There are Freakish Things are all around you as you walk around the disturbing realm of the Mütter Museum. It’s like one of those silly horror movies where the woman backs up in the spooky basement and bumps into a teaching skeleton and screams! And then then she opens a cabinet and sees some horrible malformed things in jars and screams louder still! (Actually, these are anencephalic babies – babies with underdeveloped brains…) You’re just surrounded with horror everywhere you look… and it’s absolutely captivating! This was one of my favorite freaky specimens – a skeleton of a siamese twin with two bodies, but only one head/face! Talk about weird!! I’d love a model of this one in my house – what a conversation piece that would be! (Yes, I think that’s enough evidence to convince the asylum to throw me in the padded room without a key, but if you did that you wouldn’t have any more of these nifty travelogues to look forward to, would you?)

This was the one thing that probably freaked me out more than anything in the entire building (even the evil man who wouldn’t let me take pictures!) This is someone’s face in plastic. And right to the right of the face is a slice of the skull. You see, some creative soul in the 19th century took someone’s head and sliced it into thin slices and put each piece in plastic, to create this great learning tool that allowed you to see inside the head. (Here’s a better shot from the calendar.) What really freaked me out, though, was the face. You can’t really see it in my crummy picture, but the expression on the face was one of a sort of beautiful tranquility, and the details – the eyelashes, imperfections, lips, etc. – were all perfectly preserved which just startled me. Imagine having your face preserved for all time (well our time anyway) like that?? This very well might have been a criminal – since they used to do most of their studies on criminals back in those days – and I’m not even sure if it was a man or woman (it looked more feminine to me, but who knows)… it just seemed disturbingly beautiful within all the ugliness of the museum…

The other centerpiece (other than the colon and the soap lady) were these two paradoxical skeletons (as seen in a much better picture at the top of this page). You can see the big one – a 7’6″ giant whose crooked spine has caused his ribcage to bow out like a bird’s- but on the right is the skeleton of a 3’6″ dwarf with an extraordinarily sad story to tell. You see, back in the 19th century, there was no way for her to make a living, so she turned to the sex industry and worked as a prostitute. She became pregnant and of course her tiny pelvis was not big enough for the baby to fit through. They ended up crushing the baby’s skull to try and fit her through the pelvic opening, but it still didn’t work. (The crushed skull is on display next to the dwarf. You can see it in this image from the calendar.) They had to do a C-Section but in those days before anti-septic that was a virtual death sentence. Sure enough, her abdominal wound became infected and she died shortly after. Gosh, isn’t that just the saddest story ever? I certainly thought so… Oh, here’s another, much clearer picture of the giant, but unfortunately the dwarf is hidden in this shot. Good thing I bought the calendar, eh?

Here was another interesting display: a chronology of fetus skeletons. It’s very artistic, don’t you think? Well, I think so anyway… Fetuses and babies are very prevalent in the displays. Here are some plaster casts taken from deformed infants. They also have a plaster cast of Chang and Eng – the original Siamese Twins – taken after their death. (Here’s an image of them taken from a calendar.) Of course, they also have a few real specimens in formaldehyde as well. I tell ya, I haven’t been this startled by specimens in jars since I realized that the furry thing in the dimly lit Orland High School biology classroom was actually a two-headed calf’s head – and it was looking right at me!!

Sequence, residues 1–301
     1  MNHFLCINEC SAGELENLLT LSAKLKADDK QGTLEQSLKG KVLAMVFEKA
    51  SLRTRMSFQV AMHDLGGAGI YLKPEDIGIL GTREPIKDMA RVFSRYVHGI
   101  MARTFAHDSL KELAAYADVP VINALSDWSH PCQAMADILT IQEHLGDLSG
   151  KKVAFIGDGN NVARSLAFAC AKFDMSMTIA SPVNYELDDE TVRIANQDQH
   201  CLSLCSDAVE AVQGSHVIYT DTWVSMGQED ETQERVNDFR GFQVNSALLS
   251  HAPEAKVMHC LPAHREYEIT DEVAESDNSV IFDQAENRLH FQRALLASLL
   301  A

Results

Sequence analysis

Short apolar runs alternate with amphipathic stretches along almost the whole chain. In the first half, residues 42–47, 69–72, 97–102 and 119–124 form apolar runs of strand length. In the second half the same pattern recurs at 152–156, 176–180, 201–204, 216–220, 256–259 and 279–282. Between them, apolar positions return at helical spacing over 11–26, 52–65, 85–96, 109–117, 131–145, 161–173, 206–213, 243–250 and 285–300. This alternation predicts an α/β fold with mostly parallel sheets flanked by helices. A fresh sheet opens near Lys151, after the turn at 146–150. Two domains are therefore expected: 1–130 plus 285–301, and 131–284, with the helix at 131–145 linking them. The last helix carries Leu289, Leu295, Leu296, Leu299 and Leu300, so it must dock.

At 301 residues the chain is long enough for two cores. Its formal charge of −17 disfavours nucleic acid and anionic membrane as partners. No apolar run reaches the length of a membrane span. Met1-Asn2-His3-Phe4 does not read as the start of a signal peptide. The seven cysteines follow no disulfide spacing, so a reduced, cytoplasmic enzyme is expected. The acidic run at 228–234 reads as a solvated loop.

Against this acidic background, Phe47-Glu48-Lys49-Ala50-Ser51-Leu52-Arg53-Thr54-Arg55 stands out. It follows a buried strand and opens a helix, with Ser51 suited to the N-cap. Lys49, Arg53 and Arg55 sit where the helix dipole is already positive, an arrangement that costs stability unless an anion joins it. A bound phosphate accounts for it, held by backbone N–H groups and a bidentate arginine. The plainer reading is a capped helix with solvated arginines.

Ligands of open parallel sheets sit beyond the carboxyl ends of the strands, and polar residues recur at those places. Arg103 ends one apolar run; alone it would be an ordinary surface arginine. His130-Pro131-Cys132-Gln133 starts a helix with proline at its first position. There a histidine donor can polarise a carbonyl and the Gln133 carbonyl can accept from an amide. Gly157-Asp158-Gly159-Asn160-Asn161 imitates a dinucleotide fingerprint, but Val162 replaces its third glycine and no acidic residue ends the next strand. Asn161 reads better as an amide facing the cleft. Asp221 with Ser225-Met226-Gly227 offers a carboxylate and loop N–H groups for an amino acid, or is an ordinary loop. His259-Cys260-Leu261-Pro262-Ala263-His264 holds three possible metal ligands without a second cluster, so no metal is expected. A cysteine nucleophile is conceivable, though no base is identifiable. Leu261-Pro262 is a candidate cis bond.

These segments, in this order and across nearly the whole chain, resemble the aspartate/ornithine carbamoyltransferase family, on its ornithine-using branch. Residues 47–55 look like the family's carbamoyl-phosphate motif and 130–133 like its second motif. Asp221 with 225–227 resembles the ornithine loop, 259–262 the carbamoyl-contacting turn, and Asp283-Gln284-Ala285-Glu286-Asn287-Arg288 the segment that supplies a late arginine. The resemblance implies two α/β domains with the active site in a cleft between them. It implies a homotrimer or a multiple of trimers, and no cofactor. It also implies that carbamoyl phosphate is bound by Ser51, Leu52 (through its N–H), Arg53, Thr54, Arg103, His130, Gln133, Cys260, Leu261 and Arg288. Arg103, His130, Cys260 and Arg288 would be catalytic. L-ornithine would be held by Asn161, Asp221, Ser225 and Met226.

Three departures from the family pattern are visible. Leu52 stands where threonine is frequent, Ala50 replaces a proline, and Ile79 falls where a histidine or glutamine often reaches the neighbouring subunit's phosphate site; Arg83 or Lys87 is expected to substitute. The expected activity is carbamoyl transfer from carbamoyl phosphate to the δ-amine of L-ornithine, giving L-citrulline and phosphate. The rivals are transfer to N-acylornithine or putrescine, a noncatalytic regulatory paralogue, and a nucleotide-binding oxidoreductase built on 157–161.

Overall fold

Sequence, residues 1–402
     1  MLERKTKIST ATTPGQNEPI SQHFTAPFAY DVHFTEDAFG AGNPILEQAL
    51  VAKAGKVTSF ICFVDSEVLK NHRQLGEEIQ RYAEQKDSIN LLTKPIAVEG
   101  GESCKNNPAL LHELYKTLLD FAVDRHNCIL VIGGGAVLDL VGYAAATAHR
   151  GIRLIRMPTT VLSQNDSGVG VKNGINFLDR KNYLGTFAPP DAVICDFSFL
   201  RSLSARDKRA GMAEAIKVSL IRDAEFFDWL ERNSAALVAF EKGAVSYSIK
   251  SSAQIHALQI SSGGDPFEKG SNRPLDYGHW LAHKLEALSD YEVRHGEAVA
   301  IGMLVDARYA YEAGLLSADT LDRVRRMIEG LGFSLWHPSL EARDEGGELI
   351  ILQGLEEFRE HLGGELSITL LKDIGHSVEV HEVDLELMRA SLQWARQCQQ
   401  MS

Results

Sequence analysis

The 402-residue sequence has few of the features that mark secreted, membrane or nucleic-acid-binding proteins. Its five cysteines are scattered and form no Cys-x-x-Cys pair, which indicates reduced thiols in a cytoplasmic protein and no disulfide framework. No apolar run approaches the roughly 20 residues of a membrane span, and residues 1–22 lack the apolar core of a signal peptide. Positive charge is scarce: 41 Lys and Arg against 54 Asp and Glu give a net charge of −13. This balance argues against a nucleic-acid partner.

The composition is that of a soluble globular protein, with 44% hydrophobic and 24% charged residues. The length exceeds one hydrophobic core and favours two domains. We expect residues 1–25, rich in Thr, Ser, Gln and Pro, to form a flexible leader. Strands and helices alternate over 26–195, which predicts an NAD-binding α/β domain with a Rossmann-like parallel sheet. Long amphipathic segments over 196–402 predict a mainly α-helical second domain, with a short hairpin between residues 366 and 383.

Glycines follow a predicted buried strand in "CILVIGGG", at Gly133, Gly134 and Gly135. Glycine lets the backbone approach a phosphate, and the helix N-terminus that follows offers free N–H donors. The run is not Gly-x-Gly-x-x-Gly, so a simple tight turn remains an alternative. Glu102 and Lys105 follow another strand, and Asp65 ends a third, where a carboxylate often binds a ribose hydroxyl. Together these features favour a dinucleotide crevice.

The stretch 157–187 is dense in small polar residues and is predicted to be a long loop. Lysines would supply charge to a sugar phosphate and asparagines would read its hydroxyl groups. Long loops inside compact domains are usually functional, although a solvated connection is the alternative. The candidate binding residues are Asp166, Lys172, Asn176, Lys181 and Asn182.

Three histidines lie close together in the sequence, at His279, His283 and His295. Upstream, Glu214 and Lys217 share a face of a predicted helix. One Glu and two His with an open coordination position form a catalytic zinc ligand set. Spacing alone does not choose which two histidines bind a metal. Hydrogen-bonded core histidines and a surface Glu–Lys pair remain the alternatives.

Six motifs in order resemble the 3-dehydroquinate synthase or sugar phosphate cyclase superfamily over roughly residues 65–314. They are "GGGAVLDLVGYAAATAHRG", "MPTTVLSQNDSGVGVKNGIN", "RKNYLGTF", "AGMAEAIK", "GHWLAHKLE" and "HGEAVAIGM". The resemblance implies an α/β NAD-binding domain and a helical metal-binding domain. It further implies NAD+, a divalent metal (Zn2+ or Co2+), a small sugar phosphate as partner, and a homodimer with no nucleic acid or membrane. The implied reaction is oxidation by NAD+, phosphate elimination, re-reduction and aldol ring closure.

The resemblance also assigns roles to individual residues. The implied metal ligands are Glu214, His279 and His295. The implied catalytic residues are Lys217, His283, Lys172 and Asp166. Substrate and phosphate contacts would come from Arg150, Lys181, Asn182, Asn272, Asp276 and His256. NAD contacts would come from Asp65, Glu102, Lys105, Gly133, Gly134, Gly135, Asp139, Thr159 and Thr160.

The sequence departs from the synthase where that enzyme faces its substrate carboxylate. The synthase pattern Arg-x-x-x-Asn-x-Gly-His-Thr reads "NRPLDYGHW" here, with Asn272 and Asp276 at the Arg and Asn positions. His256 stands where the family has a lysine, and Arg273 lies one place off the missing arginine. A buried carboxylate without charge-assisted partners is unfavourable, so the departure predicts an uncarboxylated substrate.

In addition to the jars, there were quite a few nifty 19th century wax models exhibiting a large number of horrendous skin and eye disorders. Here are a few of them – next to a collection of trepanned skulls. (These are skulls of “primitive peoples” that have holes drilled in them in an early form of brain surgery.) There were also some other odd specimens sitting about… like the poor unfortunate plaster cast of the boy with the tumor of the buttocks (on the right) and the hydrocephalic baby (ie. really big skull due to water swelling the brain) on the left.

And so it goes on and on and on. And we’ve only shown you a fraction of the delightfully depraved items in the collection because it was right about here that Christine looked up and noticed the cameras all around the room… watching her every move… watching her every click of the camera!!! Obviously, she fell into panic mode and I slyly removed the photo card from the camera – just in case they should try to confiscate the precious images. She snuck out the back door, while I went back to the front to buy the calendars to get some decent quality pics. They never said a word (hopefully, they don’t bother with watching their display monitors – but don’t count on that! We might have just been lucky.). So, here are a few more images culled from the calendars taken by professional photographers who were actually granted the right to take decent pics here. Imagine that! (But I’m not bitter…) I figure I must have the right to show these pictures on my site, after all when I asked about taking pictures they said, “You can buy calendars with images.” So, indeed, here are a few more of my favorites:

Triplets. Miscarriage at 4 1/2 months
Model of decapitated Chinese head, 1896
Dried skeleton of a child showing veins and arteries
Another view of the “beautiful” sliced face, 1911
A plaster cast and actual Chinese bound “lotus” foot

And so our trip to the Mütter Museum came to an end. I would highly recommend this fascinating museum to anyone of peculiar disposition. On the Morbid Scale, it’s definitely a 10!!

For more information on the Mütter Museum , also see:
Look At The Giant Colon!
(This is the site that first introduced me to the wonders of the Mütter Museum.)
Roadside America 
The Mütter Museum